11

I have something like this:

class Bar;

class Foo()
{
 public:
   Foo() : bar(new Bar());
   Bar& GetBar() { return *bar.get(); }
 private:
   std::unique_ptr<Bar> bar;
};

void main()
{
   Foo foo;
   auto bar1 = foo.GetBar();
   auto bar2 = foo.GetBar(); //address of bar2 != address of bar1. why?

   Bar& bar3 = foo.GetBar();
   Bar& bar4 = foo.GetBar(); //address of bar3 == address of bar4.
}

It seems the 'auto' variables are copies as I don't get Bars back with the same memory address. If I explicitly define the variables as Bar references (Bar&) then everything works as I would expect.

I should mention I'm compiling in vs2012. What's going on here?

Thanks.

13

auto works like template argument deduction. bar1 and bar2 have types Bar, so they are independent copies; bar3 and bar4 have type Bar & and are references to the same *foo.bar.

  • but GetBar() returns a Bar& and I would imagine that auto would set the variable to the return type of the function. In any event, I found the explanation here: cprogramming.com/c++11/… in the section headed: Auto, References, Pointers and Const. Kind of weird, that. – Aeluned Jan 25 '13 at 16:56
  • 8
    @Aeluned: You can imagine all you want, but the fact is that auto works like template argument deduction. When you have template <typename T> void f(T); and call f(foo.getBar());, you'll deduce T = Bar... – Kerrek SB Jan 25 '13 at 16:59
  • OK, fair enough. I get it now, thanks. – Aeluned Jan 25 '13 at 17:01
  • 11
    @Aeluned: There are many cases where you would not want that, for example when accessing a field in an object if the accessor returns a constant reference you want to get the value now, not a reference to a potentially changing value. The current specification allows you to select if you want a reference by adding & as in auto& bar3 =... – David Rodríguez - dribeas Jan 25 '13 at 17:05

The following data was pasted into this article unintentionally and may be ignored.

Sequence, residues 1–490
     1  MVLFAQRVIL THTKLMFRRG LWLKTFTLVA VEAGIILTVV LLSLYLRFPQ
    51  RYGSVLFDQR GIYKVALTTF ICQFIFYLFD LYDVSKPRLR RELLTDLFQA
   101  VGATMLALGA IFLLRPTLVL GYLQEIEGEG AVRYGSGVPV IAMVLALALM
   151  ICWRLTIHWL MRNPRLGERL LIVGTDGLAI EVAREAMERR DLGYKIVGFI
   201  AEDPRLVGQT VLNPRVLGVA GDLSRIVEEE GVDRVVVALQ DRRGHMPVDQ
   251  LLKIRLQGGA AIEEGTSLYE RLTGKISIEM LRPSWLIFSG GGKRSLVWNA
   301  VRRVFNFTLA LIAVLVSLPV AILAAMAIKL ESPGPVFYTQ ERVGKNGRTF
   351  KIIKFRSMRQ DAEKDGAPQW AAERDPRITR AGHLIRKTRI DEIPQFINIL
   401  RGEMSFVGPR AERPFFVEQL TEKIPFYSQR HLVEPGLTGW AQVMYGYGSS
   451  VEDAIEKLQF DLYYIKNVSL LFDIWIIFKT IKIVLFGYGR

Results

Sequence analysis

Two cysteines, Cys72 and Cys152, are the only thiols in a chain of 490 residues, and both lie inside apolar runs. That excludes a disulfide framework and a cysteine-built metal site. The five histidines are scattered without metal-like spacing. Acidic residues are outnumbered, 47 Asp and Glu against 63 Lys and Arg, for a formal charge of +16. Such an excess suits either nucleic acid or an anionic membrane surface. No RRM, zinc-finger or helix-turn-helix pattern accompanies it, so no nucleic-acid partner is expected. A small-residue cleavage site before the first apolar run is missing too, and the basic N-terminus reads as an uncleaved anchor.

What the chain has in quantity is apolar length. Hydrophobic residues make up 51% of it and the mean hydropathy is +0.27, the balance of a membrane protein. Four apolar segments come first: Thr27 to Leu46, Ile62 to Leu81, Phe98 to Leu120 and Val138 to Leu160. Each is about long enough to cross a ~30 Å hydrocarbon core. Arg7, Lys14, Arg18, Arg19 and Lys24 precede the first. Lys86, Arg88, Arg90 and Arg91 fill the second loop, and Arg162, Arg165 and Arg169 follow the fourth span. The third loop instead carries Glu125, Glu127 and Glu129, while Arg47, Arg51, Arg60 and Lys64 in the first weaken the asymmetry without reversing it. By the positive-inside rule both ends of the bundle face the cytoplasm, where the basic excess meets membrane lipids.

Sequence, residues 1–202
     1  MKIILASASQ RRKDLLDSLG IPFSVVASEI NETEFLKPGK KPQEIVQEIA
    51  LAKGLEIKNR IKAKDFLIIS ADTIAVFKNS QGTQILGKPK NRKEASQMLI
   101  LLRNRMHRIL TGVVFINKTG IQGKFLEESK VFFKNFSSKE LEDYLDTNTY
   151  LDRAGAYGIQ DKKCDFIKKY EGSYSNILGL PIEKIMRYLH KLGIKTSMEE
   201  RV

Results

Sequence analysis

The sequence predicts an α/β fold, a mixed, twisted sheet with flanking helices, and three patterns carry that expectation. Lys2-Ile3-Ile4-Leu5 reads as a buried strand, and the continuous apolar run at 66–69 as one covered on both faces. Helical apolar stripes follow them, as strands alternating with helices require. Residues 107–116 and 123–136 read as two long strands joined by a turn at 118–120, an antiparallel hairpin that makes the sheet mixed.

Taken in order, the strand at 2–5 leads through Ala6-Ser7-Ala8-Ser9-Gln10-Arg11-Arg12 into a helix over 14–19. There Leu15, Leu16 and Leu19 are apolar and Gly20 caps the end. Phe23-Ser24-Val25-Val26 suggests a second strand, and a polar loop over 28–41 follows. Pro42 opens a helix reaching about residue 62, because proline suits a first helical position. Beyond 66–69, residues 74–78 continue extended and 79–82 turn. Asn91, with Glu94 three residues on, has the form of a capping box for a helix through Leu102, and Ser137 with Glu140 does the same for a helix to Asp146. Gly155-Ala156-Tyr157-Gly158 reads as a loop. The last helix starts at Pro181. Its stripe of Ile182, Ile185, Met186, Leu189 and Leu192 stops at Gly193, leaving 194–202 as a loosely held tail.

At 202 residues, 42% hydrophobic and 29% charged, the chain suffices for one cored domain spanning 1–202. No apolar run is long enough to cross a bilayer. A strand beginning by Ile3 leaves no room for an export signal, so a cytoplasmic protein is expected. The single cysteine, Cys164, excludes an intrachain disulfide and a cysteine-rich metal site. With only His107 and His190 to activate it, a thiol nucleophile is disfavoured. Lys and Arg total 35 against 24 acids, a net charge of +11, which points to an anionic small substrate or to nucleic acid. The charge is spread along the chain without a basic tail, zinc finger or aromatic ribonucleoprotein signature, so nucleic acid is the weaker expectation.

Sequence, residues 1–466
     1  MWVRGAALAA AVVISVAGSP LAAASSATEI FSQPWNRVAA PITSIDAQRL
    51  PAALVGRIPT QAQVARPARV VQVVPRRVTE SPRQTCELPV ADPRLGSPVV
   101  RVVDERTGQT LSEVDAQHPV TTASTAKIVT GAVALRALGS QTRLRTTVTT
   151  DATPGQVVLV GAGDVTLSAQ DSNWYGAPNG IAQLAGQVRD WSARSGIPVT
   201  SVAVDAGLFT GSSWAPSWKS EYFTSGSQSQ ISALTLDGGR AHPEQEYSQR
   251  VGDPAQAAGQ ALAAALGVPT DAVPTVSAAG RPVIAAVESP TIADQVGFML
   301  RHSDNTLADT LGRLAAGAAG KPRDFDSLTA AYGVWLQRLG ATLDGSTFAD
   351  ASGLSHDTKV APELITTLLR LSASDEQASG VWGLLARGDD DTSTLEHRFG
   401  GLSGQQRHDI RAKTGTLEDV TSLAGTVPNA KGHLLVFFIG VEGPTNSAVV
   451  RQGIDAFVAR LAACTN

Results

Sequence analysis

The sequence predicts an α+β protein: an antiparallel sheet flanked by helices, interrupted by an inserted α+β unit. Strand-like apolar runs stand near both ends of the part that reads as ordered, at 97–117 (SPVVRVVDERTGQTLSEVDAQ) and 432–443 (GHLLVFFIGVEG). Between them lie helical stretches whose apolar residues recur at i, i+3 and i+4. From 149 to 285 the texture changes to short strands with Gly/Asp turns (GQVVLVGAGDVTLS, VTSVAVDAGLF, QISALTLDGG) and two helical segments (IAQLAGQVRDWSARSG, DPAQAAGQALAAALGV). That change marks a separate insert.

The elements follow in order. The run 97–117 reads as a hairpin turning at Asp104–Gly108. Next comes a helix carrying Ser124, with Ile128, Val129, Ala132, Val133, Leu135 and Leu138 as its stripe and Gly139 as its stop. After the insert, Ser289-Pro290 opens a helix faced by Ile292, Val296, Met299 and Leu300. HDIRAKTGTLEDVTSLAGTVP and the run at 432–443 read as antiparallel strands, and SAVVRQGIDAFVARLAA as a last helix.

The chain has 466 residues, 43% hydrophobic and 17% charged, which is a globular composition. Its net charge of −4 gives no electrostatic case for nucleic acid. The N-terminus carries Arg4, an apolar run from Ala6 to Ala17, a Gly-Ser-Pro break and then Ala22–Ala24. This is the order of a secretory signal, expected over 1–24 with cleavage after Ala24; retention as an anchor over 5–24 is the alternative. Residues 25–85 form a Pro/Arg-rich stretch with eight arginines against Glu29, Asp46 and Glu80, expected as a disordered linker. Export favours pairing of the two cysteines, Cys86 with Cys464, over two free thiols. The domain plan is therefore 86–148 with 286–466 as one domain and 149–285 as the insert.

22

auto bar1 = … always declares a copy. auto &&bar1 selects the closest possible reference type, which is what you want.

auto && is the perfect forwarding idiom.

You can also use other compound types with auto, such as auto const & or auto * if you want to be specific.

  • +1, I didn't know auto did reference collapsing as well as template type arguments. – Seth Carnegie Jan 25 '13 at 17:02
  • 1
    @SethCarnegie Yep, a large proportion of all my variables are declared auto &&… it's pretty much my default :) – Potatoswatter Jan 25 '13 at 17:04
1

Code:

X& getter() {
    static X value;
    return value;
}

print("X:");
X x0 = getter();
auto x0a = getter();
x0.printAddress();
x0a.printAddress();

print("X&:");
X& x1 = getter();
auto& x1a = getter();
x1.printAddress();
x1a.printAddress();

print("const X&:");
const X& x2 = getter();
const auto& x2a = getter();
x2.printAddress();
x2a.printAddress();

print("X&&:");
print("Rvalue can't be bound to lvalue");
X&& x3 = getter();
auto&& x3a = getter();
x3.printAddress();
x3a.printAddress();

Result:

X:
0037F807
0037F7FB
X&:
00D595BA
00D595BA
const X&:
00D595BA
00D595BA
X&&:
Rvalue can't be bound to lvalue
00D595BA

Conclusion:

auto means: "replace me with type, unless I am auto&& then find the most suitable form".

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